The vaccine provides complete protection against the serious effects of COVID-19 in the U.S. Coast Guard

The severe acute respiratory syndrome coronavirus 2 virus (SARS-CoV-2) which has caused the coronavirus pandemic 2019 (COVID-19) has spread all over the world and been affecting more than 261 million people. It has also killed more than 5.2 million people. While anyone can be affected by SARS-CoV-2 at any point in time but certain individuals are more likely to be affected.

Study: Efficacy of Vaccination against Reported SARS-CoV-2 Infection in the United States Coast Guard Personnel between May and August 2021: A Study of Time-Series. Image Credit: Aleksander Malivuk /

The U.S. Coast Guard (CG) began to immunize its personnel in December of 2020 shortly after receiving an emergency use authorization (EUA), from the United States Food and Drug Administration for two messenger ribonucleic acids (mRNA)-based vaccines manufactured at Moderna and Pfizer. On August 24, 2021, COVID-19 vaccination for military personnel was made mandatory by the U.S. Secretary of Defense. From August 26, 2021, the Commandant of the CG also took the same approach for CG Active Duty and Ready Reserve personnel.

While reports of COVID-19’s vaccine effectiveness (VE) have been published since their approval however, none of these studies have been focused on VE in the military population.

Vaccine efficacy in the U.S. CG

In a recent paper published on the preprint server medRxiv* researchers conducted a time-series analysis to evaluate the effectiveness of COVID-19 vaccine in the U.S. CG against SARS-CoV-2 infection. CG who were vaccinated with any of the approved vaccines and those who were positive for COVID-19 between May to August 2021 were included in the study.

Information on CG was positive for SARS-CoV-2 was obtained from Coast Guard Personnel Accountability and Assessment System (CGPAAS), and information on the status of vaccination of CG were collected from a wide immunization registry.

Study findings

The researchers estimated that VE among CG staff was 82.6 percent in May 2021. The figure climbed to 89.0% in June 2021. VE fell to 62.7% by the end of the study in August 2021.

In fully vaccine-vaccinated CGs who were given either the Pfizer nor Moderna vaccines, COVID-19 breakthrough cases remained at just 1%. No severe outcome like death or hospitalization was reported for CG members who were fully vaccinated.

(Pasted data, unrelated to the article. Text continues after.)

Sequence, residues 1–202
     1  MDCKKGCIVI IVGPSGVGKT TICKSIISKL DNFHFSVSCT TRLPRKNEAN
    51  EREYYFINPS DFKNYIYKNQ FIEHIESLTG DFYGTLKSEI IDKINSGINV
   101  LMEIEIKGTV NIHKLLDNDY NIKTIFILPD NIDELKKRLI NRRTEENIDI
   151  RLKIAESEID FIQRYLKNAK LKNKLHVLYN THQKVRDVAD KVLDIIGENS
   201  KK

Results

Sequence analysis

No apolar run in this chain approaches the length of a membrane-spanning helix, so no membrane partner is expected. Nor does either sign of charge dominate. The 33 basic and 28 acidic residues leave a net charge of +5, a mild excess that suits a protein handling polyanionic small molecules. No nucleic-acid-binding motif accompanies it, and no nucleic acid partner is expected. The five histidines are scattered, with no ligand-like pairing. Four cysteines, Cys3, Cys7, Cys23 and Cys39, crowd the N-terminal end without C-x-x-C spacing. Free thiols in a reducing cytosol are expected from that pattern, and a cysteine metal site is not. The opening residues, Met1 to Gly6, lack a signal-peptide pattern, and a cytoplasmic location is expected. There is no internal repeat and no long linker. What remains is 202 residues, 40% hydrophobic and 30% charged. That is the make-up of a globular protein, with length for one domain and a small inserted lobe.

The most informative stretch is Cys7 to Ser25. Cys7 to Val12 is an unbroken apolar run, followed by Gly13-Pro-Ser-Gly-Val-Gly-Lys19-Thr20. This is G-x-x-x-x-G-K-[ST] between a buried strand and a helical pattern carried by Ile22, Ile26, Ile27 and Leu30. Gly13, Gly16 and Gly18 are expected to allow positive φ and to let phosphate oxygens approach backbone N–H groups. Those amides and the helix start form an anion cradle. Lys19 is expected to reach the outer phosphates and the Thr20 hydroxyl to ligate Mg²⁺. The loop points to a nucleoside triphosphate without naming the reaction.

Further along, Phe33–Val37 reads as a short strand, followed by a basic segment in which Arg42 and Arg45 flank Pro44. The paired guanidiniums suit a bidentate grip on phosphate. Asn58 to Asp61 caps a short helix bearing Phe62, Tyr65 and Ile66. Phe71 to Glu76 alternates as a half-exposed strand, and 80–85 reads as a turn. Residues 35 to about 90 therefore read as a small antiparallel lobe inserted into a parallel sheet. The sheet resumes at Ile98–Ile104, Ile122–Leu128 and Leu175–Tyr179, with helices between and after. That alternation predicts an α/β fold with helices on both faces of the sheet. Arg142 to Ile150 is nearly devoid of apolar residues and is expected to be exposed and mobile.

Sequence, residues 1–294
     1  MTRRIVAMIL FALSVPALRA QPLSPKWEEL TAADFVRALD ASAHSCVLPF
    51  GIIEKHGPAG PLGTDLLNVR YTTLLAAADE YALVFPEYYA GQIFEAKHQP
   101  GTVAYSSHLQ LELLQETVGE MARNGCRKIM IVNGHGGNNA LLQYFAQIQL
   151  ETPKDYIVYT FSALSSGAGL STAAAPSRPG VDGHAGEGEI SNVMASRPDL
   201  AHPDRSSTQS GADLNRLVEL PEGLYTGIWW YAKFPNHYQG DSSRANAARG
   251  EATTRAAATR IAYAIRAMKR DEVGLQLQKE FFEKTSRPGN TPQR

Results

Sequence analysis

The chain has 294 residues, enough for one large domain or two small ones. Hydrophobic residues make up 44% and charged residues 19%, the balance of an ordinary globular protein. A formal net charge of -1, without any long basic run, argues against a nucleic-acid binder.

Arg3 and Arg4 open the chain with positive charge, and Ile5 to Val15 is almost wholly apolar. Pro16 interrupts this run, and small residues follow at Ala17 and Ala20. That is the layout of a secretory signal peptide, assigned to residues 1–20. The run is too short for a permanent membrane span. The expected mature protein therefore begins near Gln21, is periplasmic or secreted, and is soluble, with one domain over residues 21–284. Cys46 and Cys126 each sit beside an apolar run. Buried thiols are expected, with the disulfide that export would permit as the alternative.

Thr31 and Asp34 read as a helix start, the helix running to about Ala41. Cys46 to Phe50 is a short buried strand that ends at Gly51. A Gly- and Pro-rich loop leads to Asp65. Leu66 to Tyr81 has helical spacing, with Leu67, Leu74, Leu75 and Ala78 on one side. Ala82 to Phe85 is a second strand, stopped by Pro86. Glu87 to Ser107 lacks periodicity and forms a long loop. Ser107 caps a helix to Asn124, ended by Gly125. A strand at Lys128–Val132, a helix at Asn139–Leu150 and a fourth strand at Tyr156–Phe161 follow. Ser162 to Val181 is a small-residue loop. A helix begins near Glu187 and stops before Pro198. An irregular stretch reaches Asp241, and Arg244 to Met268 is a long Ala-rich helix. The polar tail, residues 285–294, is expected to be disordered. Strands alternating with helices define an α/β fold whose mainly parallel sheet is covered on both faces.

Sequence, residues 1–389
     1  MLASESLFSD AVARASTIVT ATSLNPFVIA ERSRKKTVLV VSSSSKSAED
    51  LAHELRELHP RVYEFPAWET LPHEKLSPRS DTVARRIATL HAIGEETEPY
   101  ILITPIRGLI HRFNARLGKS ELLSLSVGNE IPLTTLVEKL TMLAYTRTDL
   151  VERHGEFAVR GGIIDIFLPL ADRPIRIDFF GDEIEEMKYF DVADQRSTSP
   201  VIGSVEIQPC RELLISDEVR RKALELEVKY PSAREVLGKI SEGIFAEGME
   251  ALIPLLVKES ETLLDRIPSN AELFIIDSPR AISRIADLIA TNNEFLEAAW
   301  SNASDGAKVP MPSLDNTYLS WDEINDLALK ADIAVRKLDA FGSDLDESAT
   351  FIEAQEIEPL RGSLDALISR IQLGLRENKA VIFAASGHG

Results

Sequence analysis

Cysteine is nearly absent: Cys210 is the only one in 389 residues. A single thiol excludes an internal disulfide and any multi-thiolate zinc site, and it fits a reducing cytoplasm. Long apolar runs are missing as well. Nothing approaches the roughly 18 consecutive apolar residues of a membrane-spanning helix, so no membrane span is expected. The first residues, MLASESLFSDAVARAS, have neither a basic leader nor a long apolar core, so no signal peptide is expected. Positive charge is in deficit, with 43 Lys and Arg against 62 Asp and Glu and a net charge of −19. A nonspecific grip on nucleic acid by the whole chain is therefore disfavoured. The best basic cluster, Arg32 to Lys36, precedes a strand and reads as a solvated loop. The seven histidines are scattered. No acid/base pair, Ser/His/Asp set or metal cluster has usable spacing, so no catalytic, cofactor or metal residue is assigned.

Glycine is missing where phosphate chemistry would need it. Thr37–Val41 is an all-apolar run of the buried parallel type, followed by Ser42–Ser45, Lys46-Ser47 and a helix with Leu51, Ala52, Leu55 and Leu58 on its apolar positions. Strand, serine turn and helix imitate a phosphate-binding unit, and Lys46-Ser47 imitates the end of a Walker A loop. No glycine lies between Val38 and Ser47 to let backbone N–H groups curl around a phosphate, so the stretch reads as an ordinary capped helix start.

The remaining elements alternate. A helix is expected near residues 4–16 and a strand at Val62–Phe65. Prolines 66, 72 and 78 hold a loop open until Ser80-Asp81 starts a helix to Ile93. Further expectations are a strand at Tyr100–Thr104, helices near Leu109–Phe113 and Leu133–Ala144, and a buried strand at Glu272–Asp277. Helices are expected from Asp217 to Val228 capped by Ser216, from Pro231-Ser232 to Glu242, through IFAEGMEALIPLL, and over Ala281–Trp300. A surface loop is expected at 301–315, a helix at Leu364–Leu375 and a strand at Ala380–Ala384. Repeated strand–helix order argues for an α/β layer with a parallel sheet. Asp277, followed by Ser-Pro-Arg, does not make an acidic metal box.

The study also revealed that the rate of cases of COVID-19 that were breakthrough was significantly higher in CG patients who had received the Johnson & Johnson vaccine during the first three months of the study. The rate increased to almost two-and-a-half times the rate observed with Moderna or Pfizer recipients.

Additional analyses of the geographic area (Atlantic and Pacific) revealed that the VE total for June 2021 was greater with respect to the estimation of regional VE or total vaccination. The pacific region had more complete vaccinations and fewer cases of SARS/CoV-2 infection.

Areas within the U.S. Coast Guard (Source CGPAAS).

Older individuals had wide variation in VE. They had a 100 percent VE for the initial month of May 2021. However, it dropped by -0.1 in June and 5.5% in August 2021.

In the initial study phase, the researchers noted less reported cases contrast to cases reported in August and July. The older age group had the lowest VE, suggesting that the effectiveness of mRNA vaccinations can decrease as people age.

This is one of the main limitations of the current study. It could lead to being incorrectly classified as not fully vaccine-free. Additionally, the time since vaccination was not considered in the study.


The study found that CG members’ VE dropped in the summer of 2021 because of the spread and severity of COVID-19. They suggested that a higher level of vaccination for military personnel could extend the benefits of disease prevention that were observed in this study.

The CG plans to keep monitoring and estimating VE to keep track of other important clinical and public health measures that are related to COVID-19.

*Important notice

medRxiv publishes preliminary scientific reports that are not peer-reviewed and, therefore, should not be regarded as conclusive, guide clinical practice/health-related behavior, or treated as established information.

Journal reference:

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Gemma Wilson

Gemma is a journalism graduate with keen interest in covering business news – specifically startups. She has as a keen eye for technologies and has predicted quite a few successful startups over the last couple of years.

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